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Tour du Mont Blanc

The Tour du Mont Blanc passes through France, Italy and Switzerland on Europe's finest Alpine hike. Filled with superlatives from start to finish, the route circles the Mont Blanc Massif, covering a distance of about 170km including 10000m of ascent and descent.

Jagged, snow-covered peaks, wide Alpine meadows, bursting with wildflowers and deep-turquoise lakes accompany you on this epic trek, where every day rewards you with outstanding scenery.  Chamonix, Courmayeur, Champex are just a few of the beautiful alpine villages you will visit on your trek.

You can walk the Tour du Mont Blanc in Comfort, taking cable cars down into the valley to stay in hotels, or you can walk the Tour du Mont Blanc in Huts and stay up on the mountain, soaking up the camaraderie of your fellow hikers. 

For all the information you could possibly need on the Tour du Mont Blanc, please download our free Tour du Mont Blanc Guide.

  • Walking the Tour du Mont Blanc

    This video gives you an overview of the classic Tour du Mont Blanc.  Neil takes you along with him on the path, giving you a chance to see the scenery and get a better idea if this route is one that you want to add to your list.  

Discover Tour du Mont Blanc

  • Essential Tour du Mont Blanc Facts
    Essential Tour du Mont Blanc Facts

    The Tour du Mont Blanc, what's in a name? The main confusion with the name of this epic hike is the fact that you do not climb or walk on Mont Blanc. The mountain itself is a pretty hostile environment and generally better left for those of us with extensive mountaineering experience. The Tour du Mont Blanc takes in the area surrounding the mountain, the cols and valleys that ring the Mont Blanc massif. 

    How long is the Tour du Mont Blanc? The complete route is around 170miles. We recommend taking ten days to walk the route, but if you do not have that length of time, we offer highlight packages, walking the classic sections and also a more relaxed version if you want to take a little more time to do it. Whatever your ability or desire, Macs Adventure can sort out the TMB that is perfect for you. 

    The time of year is all-important.  The route is at a higher altitude, so snow is an issue.  We only operate the trip between mid-June and mid-September and keep a constant eye on the conditions so that we can get our customers out walking as soon as it is safe to do so. It is advisable not to book your trip too close to these dates for fear that the snow may be an issue.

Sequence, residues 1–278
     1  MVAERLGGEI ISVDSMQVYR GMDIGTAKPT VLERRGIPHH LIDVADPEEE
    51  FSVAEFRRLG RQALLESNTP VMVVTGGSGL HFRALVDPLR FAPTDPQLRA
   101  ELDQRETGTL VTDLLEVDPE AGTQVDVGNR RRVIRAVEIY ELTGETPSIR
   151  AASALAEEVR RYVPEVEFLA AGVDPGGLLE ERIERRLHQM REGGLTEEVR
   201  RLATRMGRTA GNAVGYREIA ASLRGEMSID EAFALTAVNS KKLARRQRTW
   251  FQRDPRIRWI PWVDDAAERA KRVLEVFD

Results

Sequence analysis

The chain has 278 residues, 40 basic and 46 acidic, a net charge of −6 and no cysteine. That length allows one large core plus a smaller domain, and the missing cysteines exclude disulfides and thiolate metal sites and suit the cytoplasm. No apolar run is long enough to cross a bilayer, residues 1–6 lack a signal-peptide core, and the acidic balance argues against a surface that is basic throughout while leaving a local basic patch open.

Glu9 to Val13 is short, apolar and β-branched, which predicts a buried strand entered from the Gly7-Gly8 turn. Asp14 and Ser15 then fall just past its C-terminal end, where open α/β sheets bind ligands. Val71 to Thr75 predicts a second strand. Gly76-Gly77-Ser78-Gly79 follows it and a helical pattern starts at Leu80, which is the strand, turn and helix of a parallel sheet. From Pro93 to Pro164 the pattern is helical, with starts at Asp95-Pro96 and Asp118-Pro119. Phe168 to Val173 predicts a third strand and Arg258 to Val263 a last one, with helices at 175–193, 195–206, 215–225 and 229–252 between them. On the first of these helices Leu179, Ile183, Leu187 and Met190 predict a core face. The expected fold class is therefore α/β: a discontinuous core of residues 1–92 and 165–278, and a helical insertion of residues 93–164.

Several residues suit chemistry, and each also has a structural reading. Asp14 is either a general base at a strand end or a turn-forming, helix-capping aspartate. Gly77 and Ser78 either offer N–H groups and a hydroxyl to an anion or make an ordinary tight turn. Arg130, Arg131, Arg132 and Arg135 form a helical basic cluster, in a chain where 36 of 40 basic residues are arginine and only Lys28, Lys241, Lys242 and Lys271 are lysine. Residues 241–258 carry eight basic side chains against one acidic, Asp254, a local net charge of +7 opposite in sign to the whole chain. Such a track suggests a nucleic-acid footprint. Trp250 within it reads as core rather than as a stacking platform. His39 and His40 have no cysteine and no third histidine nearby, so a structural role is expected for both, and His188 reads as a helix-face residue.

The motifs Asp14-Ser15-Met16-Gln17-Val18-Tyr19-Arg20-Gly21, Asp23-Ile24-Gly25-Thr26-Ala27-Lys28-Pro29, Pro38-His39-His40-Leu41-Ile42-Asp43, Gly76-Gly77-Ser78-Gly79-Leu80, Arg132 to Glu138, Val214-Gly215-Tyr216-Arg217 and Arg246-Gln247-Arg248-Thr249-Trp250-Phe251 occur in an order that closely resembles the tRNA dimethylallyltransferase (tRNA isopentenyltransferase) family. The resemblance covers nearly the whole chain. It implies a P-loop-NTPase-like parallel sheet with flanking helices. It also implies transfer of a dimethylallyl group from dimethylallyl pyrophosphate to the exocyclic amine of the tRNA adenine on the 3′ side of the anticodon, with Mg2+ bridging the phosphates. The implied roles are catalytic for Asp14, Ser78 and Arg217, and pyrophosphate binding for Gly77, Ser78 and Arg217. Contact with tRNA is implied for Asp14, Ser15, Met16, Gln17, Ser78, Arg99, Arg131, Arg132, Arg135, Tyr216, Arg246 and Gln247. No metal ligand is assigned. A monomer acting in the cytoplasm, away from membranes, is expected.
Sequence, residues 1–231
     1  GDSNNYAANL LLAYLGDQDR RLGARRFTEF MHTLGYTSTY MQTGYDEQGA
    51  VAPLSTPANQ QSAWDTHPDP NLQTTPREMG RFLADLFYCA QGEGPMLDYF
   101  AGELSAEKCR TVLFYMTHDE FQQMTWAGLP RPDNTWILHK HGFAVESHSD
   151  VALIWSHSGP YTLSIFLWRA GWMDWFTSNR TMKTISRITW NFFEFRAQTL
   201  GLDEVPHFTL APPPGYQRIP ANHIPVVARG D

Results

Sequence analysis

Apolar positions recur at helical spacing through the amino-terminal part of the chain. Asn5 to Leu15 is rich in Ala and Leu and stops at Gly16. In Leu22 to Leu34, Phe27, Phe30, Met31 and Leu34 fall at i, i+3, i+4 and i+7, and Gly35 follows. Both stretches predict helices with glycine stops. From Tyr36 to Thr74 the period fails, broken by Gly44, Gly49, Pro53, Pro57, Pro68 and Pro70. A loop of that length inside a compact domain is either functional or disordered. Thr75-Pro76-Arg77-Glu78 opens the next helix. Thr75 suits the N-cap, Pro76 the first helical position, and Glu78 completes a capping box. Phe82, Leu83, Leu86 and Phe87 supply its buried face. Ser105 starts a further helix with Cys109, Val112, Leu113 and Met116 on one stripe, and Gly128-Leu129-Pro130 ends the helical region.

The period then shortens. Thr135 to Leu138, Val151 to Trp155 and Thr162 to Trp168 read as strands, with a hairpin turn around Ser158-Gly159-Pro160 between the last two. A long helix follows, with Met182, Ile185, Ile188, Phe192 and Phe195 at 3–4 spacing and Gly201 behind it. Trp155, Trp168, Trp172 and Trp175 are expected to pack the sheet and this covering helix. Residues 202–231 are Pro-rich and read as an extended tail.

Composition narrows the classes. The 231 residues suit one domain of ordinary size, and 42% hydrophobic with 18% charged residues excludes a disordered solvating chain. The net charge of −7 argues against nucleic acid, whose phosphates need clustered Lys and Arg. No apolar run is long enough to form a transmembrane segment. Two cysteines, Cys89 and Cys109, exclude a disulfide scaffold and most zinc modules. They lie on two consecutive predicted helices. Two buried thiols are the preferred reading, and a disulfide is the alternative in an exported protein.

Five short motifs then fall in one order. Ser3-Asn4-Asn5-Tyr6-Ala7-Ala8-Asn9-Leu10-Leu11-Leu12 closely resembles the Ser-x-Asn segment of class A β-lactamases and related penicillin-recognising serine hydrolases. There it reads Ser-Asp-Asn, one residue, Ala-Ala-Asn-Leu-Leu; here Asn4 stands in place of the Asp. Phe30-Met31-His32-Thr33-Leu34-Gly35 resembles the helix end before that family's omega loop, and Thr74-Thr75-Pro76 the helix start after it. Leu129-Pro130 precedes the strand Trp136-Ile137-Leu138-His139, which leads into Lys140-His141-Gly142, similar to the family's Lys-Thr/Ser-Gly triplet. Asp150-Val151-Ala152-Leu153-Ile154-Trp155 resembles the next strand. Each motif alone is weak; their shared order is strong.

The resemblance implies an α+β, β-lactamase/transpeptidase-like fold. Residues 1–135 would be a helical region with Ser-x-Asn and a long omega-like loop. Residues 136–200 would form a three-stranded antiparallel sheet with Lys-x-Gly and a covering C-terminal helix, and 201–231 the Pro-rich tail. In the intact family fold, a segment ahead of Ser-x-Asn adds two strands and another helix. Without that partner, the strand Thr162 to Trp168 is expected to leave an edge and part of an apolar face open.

How high does the Tour du Mont Blanc go?  The highest point on the route is the Grand Col Ferret, which is 2,532m in height.  All together on the trip, you will gain around 10,600m which is a good bit higher than Mt Everest. However, don't let this put you off, it is a lot more straightforward, much safer and more fun than climbing Mt Everest.  

  • Top Tips for the Tour du Mont Blanc
    Top Tips for the Tour du Mont Blanc

    Aguille du Midi Cable Car - Although you will be spoiled for great views as you walk around the Mont Blanc Massif, if you have the time in Chamonix, it is a great idea to take the cable car up to the Aiguille du Midi. At just under 4,000m it has some of the best views of Mont Blanc and for once you won't have to climb to get them!

    Take some highlighter pens - We provide some great maps for the Tour du Mont Blanc and there is nothing better than sitting over a glass of wine the evening before and marking out your route. While it is great fun, it is also a good way to decide which routes you are going to attempt. 

    Breakfast in Hotel Bouton d'Or - Sarah, our TMB Product Manager, has fallen in love with the breakfast served in the Hotel Bouton d'Or in Courmayeur. There is a vast range of homemade cakes, pastries and jams all complimented by the best in locally sourced bread, dairy and meats. A real treat and a super-friendly family who run the hotel make it even more special. 

    Walking Poles - There is a lot of chat about the pros and cons of walking poles, but on the Tour du Mont Blanc they are verging on an essential piece of kit.  The nature of the trip is that you climb and descend every day.  This is where poles come into their own, providing extra stability on these gradients, taking the pressure off the ankles. 

    Sample the local fare - Cheese, mushrooms and cured meat are the staples in the Haute-Savoie area and you will come across these on every menu in every restaurant. They are all of a very high standard and we would definitely recommend having at least one Raclette, Tartiflette or Fondue while you are on the trip. There is something about the comfort and heartiness of melted cheese that goes well with walking in the Alps. 

    Learn the language - While it is not essential to be fluent in French or Italian to take the trip, it always makes a trip more immersive when you can converse with the locals. While many people will speak English, knowing the pleasantries is helpful. We have compiled a list of useful phrases for walking the TMB on our blog.